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  Community Implications of Article 14 of the European E-commerce Directive?
What would you say is the implication of the Article 14 of the European E-commerce Directive on the moderation of the community and how should it affect our approach to managing online community?

The directive states that:

Where an information society service is provided that consists of the storage of information provided by a recipient of the service, Member States shall ensure that the service provider is not liable for the information stored at the request of a recipient of the service, on condition that:

(a) the provider does not have actual knowledge of illegal activity or information and, as regards claims for damages, is not aware of facts or circumstances from which the illegal activity or information is apparent; or

(b) the provider, upon obtaining such knowledge or awareness, acts expeditiously to remove or to disable access to the information.

You raise an interesting and important question -- thank you!

From our years of experience in the community building industry, we have found that moderation provided by a staff of well trained moderators is critical to any community initiative. With regard to Article 14 there are two key areas to consider:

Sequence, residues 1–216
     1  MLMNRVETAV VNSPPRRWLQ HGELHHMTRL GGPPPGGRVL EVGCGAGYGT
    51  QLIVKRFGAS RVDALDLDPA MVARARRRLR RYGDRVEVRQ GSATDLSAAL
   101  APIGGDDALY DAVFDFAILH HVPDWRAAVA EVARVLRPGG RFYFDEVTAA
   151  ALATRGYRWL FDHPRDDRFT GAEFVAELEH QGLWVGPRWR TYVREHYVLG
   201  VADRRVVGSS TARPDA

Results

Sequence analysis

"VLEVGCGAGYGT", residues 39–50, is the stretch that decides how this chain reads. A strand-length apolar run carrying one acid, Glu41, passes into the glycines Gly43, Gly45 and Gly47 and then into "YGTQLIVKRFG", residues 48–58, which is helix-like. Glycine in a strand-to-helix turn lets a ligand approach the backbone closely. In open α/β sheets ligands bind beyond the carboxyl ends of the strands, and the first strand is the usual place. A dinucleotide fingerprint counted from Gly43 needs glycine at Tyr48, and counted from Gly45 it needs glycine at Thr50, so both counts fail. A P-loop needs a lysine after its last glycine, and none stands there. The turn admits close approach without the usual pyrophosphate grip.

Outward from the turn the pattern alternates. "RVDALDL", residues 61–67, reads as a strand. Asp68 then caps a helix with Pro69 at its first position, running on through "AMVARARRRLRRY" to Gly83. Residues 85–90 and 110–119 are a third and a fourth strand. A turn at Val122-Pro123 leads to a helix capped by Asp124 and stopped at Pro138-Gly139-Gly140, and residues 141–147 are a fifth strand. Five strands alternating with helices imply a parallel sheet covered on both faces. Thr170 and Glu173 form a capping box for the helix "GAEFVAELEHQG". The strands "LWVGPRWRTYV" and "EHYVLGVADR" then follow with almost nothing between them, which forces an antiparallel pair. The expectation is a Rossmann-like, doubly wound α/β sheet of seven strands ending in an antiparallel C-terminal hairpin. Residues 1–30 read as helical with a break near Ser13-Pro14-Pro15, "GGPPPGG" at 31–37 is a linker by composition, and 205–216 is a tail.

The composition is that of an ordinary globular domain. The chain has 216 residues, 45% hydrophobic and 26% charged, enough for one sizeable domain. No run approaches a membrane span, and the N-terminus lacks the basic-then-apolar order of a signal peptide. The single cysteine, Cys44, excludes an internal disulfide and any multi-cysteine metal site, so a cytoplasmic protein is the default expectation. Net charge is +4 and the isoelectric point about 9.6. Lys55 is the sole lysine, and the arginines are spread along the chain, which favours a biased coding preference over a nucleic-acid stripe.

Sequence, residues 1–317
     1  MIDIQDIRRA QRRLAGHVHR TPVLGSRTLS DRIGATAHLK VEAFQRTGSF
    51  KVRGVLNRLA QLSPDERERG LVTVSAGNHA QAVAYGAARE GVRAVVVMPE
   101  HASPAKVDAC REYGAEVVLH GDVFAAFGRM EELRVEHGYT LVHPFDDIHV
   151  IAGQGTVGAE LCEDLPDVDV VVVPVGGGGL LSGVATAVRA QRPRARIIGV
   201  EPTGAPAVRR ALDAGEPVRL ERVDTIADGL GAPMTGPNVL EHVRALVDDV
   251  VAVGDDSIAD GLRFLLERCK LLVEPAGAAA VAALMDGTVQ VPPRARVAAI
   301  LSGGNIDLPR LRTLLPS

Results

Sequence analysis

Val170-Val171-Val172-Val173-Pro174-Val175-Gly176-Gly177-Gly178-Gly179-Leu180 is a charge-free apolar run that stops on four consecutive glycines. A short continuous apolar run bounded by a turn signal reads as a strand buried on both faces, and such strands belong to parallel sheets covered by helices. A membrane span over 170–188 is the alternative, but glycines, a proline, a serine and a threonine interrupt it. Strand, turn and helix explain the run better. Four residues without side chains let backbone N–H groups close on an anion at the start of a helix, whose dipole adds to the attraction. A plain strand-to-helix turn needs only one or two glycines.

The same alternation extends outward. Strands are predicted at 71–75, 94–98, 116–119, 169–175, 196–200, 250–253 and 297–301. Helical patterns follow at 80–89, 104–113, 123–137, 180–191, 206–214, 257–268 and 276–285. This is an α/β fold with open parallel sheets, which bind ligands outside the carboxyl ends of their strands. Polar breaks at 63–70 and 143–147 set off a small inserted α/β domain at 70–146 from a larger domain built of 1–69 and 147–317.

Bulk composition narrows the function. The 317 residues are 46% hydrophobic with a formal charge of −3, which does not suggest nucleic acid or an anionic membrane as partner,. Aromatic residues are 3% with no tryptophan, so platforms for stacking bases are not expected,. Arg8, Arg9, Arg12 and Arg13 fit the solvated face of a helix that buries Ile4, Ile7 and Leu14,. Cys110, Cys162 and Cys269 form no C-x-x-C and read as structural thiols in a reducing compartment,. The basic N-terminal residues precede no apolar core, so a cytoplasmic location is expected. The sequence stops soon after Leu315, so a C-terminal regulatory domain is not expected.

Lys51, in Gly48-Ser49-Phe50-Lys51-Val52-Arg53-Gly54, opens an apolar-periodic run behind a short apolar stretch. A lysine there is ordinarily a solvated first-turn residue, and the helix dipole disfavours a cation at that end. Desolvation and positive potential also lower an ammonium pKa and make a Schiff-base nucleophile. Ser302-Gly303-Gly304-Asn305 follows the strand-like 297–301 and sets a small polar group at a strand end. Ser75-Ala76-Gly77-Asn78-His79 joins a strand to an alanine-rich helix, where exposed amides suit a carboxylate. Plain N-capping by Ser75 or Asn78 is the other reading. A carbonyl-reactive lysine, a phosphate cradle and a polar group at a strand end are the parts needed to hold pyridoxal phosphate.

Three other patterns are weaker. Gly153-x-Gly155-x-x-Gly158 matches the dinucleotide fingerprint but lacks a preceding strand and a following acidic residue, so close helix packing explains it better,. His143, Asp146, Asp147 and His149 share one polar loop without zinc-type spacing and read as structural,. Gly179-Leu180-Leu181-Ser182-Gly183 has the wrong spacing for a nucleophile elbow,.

1. That where there is no moderation a community site can claim in an official sense that is does NOT have knowledge of materials which might be illegal, defamatory or otherwise inappropriate. However, liability issues would not be completely removed as explained below.

By adopting a laissez faire or "hands off" attitude the community would sidestep Article 14 commitments but at the same time this would lead to a number of other problems. The most important of these problems would be first, that the community itself would suffer from negative content. Obviously, this is all-important since your brand, your membership loyalty and the overall quality of your community is to a large extent defined by the communication and content of the community. Second, the community site owner would more than likely be approached by members of the community to "clean" up the community. At such point, the member's contact with the site owner about any illegal or inappropriate content would then constitute knowledge of the content (as defined by Article 14) and they would therefore have to act upon it "expeditiously" or be liable for it.

It would be unlikely that a community site owner could claim to have an absolute lack of knowledge of illegal activities or content, since it would be reasonable to assume that they visit their own site in order to assess and report on its success, to measure, and to rectify technical issues. Similarly, since the site owner would be contacted by its members about content within it so the protection of Article 14 might be very thin.